Another design issue with this joint is securing ‘O’ rings as they are installed. These ‘O’ rings make the seals between the various compressed air passages on the mating surface. When the relay valve is fastened to the pipe bracket it is vertically orientated, so the ‘O’ rings have somehow to be held in place while the valve is fitted. RAIB reported that standard practice was to hold ‘O’ rings in place with dabs of grease. However, a good bolted joint requires the mating faces to be clean and grease free (refer Box). This is clearly a conflict. Moreover, maintenance often happens in the open, sometimes in poor weather and lighting, making it difficult for maintainers to ensure everything is properly done.

Standard (black) and actual (red) LHS wheel profile of leading GERS 8095 wheelset shows about 15mm of tread was ground away while the wheel was locked for what RIAB estimates to be around 13 miles.
TEA wagon relay valve, insert shows in yellow the 1-2mm gap found between pipe bracket and relay valve on GERS 89005.

Bolted joints

When tightening a threaded fastener, the torque used extends the length of the bolt or stud under tension as surfaces are clamped together. The resultant longitudinal tensile force in the bolt is known as the preload. The reaction to this force results in a clamping force within the joint. In the case of the relay valve, part of this preload compresses the ‘O’ rings to achieve air-tight seals.

Some of the tightening torque is used in overcoming the friction both between the threads of the nut and the bolt/stud, and between the nut and the clamped part with which it is in contact. For steel components, the coefficient of friction typically ranges between 0.1 and 0.445. For the threads, the amount of friction is dependent upon its condition which generally deteriorates with reuse and retightening, and any lubrication or contamination present. For a given torque, higher thread friction results in less preload, and hence less clamping force within the joint.

The failure of a joint can be defined as slip. Slip occurs when the load on the joint exceeds its clamping force and allows the joint surfaces to separate or move relative to each other. For the brake relay valve on GERS 89005, the vertical load is the weight of the valve flexed by the dynamic impact of vibration. In this case, deterioration of the ‘O’ rings will see the pre-load gradually reduce.

Any slip leads to a reduction in clamping force and therefore further slip will occur under lower successive loads, eventually leading to a complete loss of clamping force. Once clamping force has been lost, a plain nut will be loose and free to unwind off the bolt under dynamic conditions.

No component has surfaces that are perfectly smooth. Surface roughness depends on the manufacturing process e.g., rolled, forged, machined, etc. Surfaces must also be clean and dry. Any contaminant such as grease, will reduce the coefficient of friction between the two surfaces, thus reducing the efficiency of the joint.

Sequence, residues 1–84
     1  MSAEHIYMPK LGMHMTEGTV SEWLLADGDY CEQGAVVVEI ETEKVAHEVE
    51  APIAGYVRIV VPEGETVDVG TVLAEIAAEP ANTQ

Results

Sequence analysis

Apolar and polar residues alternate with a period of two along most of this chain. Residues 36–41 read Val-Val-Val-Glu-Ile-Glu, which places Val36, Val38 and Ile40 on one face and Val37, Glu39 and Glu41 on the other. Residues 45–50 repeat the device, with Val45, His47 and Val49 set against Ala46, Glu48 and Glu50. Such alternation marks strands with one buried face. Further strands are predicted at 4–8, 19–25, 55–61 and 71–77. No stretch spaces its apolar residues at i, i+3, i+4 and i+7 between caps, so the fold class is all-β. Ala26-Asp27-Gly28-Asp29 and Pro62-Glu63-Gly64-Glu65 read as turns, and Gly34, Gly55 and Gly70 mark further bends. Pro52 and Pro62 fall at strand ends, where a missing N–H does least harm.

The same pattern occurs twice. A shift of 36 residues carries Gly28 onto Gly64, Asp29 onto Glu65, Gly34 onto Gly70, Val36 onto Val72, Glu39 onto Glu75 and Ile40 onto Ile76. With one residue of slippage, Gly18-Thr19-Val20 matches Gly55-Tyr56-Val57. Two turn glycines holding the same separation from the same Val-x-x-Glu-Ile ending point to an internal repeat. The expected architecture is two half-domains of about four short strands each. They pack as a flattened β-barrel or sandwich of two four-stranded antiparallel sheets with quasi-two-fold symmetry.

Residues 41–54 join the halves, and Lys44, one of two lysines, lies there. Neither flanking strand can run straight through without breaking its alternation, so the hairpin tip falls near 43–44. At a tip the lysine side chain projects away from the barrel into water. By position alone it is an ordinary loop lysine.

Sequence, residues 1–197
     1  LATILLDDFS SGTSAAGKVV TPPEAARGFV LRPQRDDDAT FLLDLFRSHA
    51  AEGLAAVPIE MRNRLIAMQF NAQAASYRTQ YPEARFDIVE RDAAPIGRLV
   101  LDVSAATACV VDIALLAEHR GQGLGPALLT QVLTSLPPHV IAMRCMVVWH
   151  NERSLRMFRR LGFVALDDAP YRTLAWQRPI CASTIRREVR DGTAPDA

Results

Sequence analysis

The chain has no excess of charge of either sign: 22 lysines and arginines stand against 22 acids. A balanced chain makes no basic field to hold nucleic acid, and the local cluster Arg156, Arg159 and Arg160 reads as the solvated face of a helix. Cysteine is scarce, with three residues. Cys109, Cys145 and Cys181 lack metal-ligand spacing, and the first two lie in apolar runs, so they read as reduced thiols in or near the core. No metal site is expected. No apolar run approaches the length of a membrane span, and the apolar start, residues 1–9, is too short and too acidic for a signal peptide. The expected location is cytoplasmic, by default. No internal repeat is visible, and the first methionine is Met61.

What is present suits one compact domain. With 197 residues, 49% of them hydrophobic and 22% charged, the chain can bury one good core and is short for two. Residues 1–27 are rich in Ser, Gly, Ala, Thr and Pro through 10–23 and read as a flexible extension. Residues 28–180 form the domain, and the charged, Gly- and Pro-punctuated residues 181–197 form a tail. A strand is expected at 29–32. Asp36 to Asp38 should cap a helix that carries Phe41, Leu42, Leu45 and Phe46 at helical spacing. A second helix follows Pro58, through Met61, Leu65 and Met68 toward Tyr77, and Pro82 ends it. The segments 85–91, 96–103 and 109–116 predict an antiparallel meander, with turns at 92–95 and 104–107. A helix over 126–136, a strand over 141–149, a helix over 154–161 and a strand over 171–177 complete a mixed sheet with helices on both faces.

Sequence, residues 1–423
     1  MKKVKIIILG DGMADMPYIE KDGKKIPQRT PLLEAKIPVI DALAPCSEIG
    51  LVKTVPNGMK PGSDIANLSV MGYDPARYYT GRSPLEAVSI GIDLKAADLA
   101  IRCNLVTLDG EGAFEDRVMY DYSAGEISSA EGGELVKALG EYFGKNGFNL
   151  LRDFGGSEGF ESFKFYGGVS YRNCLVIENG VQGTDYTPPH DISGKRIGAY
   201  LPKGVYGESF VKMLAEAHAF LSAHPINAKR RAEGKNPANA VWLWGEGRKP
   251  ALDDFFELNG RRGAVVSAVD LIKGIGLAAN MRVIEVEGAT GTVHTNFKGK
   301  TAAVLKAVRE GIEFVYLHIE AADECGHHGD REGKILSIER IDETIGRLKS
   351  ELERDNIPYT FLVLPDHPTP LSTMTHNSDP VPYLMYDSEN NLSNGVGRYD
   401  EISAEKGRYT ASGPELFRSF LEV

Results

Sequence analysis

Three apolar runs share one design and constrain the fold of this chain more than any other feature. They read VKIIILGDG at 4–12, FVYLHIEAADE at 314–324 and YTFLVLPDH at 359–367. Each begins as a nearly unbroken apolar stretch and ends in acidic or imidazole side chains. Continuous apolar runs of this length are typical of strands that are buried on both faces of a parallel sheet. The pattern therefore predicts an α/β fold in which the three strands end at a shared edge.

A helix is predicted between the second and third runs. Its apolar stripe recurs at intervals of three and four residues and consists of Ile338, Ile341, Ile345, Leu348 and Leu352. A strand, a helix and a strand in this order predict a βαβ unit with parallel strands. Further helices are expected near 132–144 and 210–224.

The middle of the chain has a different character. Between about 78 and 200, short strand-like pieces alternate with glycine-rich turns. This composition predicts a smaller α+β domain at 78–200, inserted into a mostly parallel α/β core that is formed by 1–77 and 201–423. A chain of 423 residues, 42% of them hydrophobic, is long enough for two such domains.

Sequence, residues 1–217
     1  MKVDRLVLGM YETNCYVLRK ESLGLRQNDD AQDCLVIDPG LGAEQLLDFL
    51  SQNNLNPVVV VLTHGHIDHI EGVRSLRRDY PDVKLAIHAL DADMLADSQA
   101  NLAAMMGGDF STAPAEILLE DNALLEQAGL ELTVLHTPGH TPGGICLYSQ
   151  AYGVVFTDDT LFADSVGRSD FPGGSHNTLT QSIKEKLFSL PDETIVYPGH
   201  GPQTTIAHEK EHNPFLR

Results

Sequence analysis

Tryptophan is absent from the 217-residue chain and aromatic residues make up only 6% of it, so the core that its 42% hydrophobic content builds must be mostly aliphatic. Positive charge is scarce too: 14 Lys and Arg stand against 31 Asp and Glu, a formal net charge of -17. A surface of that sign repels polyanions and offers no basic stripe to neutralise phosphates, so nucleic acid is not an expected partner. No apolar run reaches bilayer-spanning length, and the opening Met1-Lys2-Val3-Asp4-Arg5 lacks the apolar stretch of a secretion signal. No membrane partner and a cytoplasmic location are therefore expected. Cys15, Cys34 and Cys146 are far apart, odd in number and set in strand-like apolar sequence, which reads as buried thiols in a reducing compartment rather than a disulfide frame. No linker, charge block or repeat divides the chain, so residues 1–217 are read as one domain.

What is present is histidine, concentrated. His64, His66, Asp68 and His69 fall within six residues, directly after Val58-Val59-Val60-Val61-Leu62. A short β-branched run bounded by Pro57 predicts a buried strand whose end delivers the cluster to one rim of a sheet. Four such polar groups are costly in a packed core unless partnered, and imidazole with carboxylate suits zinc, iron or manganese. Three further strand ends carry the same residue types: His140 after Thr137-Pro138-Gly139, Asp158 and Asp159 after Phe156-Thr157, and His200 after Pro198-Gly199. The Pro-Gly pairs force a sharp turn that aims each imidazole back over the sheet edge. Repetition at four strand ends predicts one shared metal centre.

When two components are clamped together, permanent deformation of the local contact points between mating surfaces occurs, particularly the ‘O’ rings. This is known as embedding and is on a microscopic scale. Over time, this embedding moves surfaces closer together and therefore reduces the extension of the bolt. The bolt relaxes which results in a reduction of preload and the joint’s clamping force.

The difference between a bolt tightened to the specified torque value and one where the joint looks closed but with very little pre-load is small – in the order of one quarter to one half turn of a spanner.

Poor wagon maintenance

The tank wagons are owned by Touax Rail which is also the Entity in Charge of Maintenance (ECM). In 2015, Touax was certified as an ECM by Belgorail which was accredited to do so by BELAC, the Belgian national accreditation body. Touax contracts DB Cargo Maintenance Ltd (DBCM) to undertake day-to-day maintenance and DCBM employs wagon maintenance staff at Robeston. Arlington Fleet Services Ltd (AFSL) was contracted by Touax to undertake the seven-yearly General Repairs on its wagons.

When RAIB investigated maintenance practices it found the following deficiencies:

  • Touax was not in possession of the manufacturer’s maintenance manuals.
  • Touax’s maintenance manual supplied to AFSL did not state the manufacturer’s required torque setting for relay valve nuts and the requirement to use new CS washers.
  • AFSL did not routinely stock new washers, nuts, and studs for the relay valve. Hence it is likely that new nuts were not used when the relay valve was reattached, nor were washers used under nuts.
  • DBCM staff did not obtain the required authority from Touax to swap distributors between wagons as was done during fault-finding.
  • There was no documented requirement for DBCM to tighten nuts to the specified torque value when relay valves were reattached.
  • When wagons failed a brake test, DBCM staff only visually checked the relay valve instead of checking the security of fixings as required by Touax’s maintenance manual.
  • In October 2019, GERS 89005 was reported to be ‘eating brake blocks’ (a sign of a partial brake application), but there was no evidence that this issue had been followed up after subsequent brake block renewals.